Ominous Chart Pattern Predicts This Stock Is Headed For A Correction

Although Canadian bank stocks fared extremely well after the 2008-2009 financial meltdown, their current outlook is far less sanguine.

One stock that seems particularly ripe for a sell-off is Canada’s fourth largest bank by market capitalization Bank of Montreal (NYSE: BMO). The shares are inter-listed on the New York and Toronto (TSX) stock exchanges and can be easily shorted by U.S. investors.

BMO recently formed a bearish evening star candlestick pattern on the weekly chart and subsequently broke an important intermediate uptrend line. Both technical events imply the stock should correct substantially.

In addition, the fundamental outlook for BMO is cloudy at best. Earlier this summer, Moody’s Investors Service lowered the outlook for Canadian banks as a whole on the assumption that the Canadian government would pass legislation that would restrict government support to banks in a future financial crisis.  

#-ad_banner-#Under the legislation, senior bank debt would have to be convertible to equity if the bank were facing insolvency. According to Canadian Finance Minister Joe Oliver, the proposed legislation would help insure “bank shareholders and creditors bear losses, rather than taxpayers.” 

On Aug. 8, S&P echoed Moody’s move, downgrading its ratings outlook to negative on several Canadian banks.  

Several economic statistics also show Canadian consumers may be close to being tapped out, which would put pressure on loan demand and bank profits. A Royal Bank study showed the average level of Canadian’s personal debt (excluding mortgages) rose a staggering 21% in 2013 to $15,910.  

Canadian housing affordability is also in decline. In May, it was 43.2% for owners of detached bungalows. That meant 43.2% of all pretax income was necessary to pay down the mortgage and cover utilities and property taxes. For two-story homes, it was 49%. Declining affordability should negatively affect consumer mortgage demand from banks.

This troublesome environment may already have affected bank performance. BMO’s revenues have declined on a year-over-year basis for the past six quarters. And they fell nearly 3% from 2012 to 2013. BMO has managed to keep earnings relatively flat through cost cutting and because of a lower tax rate, but growth is lagging.  

The three-year chart below shows BMO appears ripe for a significant correction.

The S&P 500 made a significant technical bottom in October 2011 when it reached its nadir at 1,074.77. It climbed 85% to its current peak of 1,991.39 on July 24 in an almost straight line with very shallow corrections.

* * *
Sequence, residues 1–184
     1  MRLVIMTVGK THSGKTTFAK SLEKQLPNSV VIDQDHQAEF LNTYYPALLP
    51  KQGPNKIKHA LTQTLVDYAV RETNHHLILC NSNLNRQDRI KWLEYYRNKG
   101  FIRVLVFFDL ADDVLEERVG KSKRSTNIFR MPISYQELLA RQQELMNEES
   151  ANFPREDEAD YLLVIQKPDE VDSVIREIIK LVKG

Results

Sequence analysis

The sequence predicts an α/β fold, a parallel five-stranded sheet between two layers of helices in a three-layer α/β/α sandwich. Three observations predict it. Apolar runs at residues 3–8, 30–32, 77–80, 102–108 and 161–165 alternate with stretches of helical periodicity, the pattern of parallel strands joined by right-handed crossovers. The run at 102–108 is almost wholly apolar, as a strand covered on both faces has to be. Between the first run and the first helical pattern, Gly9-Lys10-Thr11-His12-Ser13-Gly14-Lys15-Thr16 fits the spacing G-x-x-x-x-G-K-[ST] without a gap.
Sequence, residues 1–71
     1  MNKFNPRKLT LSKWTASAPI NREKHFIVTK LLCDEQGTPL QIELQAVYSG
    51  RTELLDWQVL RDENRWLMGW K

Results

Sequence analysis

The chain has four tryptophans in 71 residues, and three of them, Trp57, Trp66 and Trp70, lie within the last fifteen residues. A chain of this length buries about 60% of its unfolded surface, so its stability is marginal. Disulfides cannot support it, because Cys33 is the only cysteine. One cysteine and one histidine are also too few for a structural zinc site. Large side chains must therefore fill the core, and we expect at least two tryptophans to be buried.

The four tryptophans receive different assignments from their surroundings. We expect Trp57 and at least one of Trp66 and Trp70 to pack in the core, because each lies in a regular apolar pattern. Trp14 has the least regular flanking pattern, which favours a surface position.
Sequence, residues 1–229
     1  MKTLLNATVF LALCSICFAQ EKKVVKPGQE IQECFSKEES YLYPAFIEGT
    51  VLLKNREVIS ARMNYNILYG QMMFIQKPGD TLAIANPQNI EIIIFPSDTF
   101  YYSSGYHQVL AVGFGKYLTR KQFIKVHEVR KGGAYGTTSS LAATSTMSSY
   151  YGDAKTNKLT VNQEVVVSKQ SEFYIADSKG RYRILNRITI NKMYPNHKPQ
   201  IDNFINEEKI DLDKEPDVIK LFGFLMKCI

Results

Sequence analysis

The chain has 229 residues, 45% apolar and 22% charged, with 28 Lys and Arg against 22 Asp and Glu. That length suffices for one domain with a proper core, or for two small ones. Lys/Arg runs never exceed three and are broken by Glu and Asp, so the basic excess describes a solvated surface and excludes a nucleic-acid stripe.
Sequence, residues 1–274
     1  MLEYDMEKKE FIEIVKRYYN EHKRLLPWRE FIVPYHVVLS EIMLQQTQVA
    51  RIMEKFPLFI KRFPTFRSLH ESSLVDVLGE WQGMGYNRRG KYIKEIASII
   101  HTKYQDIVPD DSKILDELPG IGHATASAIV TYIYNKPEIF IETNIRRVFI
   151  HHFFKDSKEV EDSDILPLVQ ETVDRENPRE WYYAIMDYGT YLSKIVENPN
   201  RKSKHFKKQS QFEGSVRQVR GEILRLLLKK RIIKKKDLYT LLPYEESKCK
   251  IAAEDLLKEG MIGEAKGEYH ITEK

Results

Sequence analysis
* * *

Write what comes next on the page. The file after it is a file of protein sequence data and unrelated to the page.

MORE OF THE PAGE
In contrast, BMO hit a low near $45 in October 2011 and then spent almost an entire year going sideways in a prolonged rectangle formation with strong resistance in the $54 area.

It finally broke through resistance in November 2012, advancing above $60 before retreating back toward $50 and bottoming in June 2013. From there, shares finally gained some traction, advancing to about $70 in November 2013, but then declined to key support around $59 in February.  

From this low, BMO moved higher in a near parabolic advance, peaking at an all-time high of $76.72 in July. 

The first warning sign of a significant correction occurred in July when BMO formed an evening star pattern on the weekly chart. The evening star is a three-candle pattern that comes after a sustained advance. The first candle was a large bullish white one, the second a small shooting star, and the third a bearish engulfing candle.

Then, during the week of Aug. 4, BMO broke the steep intermediate uptrend line from the February low, providing a second important technical indication the stock is poised to decline.

While there may be some support at the previous resistance level near $69, my suspicion is the next key support will be provided by the major uptrend line drawn from the June 2012 bottom. 

The rising uptrend line should cap any rally attempts in the stock. That trendline currently intersects near $74, but will rise over time.  

Based on the intermediate trendline break and uncertain financial outlook, I think BMO will make a good short. 

Risks to consider: BMO is trading at just over 12 times trailing earnings and has a trailing 12-month yield of almost 4%. Both should provide a floor under the stock during a corrective period. However, the broken intermediate trendline convinces me the stock should trade lower, and a pullback to the major uptrend line at $65 is a reasonable target. 

Recommended Trade Setup:

— Short BMO below $75.68 
— Set stop-loss at $76.05
— Set initial price target at $65.05 for a potential 11%-14% gain by late 2014

This article originally appeared on Ominous Chart Pattern Predicts This Stock is Headed for a Correction​

This Stock Is A ‘Buy’ Now
The super-accurate Alpha Score indicator just tagged this stock as a “buy.” In fact, it gave it a score so high, only 1 in every 1,275 stocks can match it. Get its name here for FREE, and see how you could make 83% gains in 28 days.